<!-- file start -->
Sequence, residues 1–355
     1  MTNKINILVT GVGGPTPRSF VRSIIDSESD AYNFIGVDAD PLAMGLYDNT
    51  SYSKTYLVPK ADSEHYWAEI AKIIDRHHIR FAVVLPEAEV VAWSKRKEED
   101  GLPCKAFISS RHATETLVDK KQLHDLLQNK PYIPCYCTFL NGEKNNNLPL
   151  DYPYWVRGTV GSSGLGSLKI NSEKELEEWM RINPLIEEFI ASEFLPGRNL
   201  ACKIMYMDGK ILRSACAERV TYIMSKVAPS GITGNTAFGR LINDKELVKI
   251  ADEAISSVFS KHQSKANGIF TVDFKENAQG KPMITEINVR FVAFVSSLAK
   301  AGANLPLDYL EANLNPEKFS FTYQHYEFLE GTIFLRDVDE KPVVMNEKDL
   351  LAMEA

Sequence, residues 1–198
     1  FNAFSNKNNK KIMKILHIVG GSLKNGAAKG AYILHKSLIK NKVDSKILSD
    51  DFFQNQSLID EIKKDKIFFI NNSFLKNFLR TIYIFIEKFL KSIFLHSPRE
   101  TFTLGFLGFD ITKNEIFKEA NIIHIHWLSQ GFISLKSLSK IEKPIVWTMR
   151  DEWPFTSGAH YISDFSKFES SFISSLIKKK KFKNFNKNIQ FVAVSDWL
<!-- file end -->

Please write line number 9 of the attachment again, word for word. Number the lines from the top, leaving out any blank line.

   351  LAMEA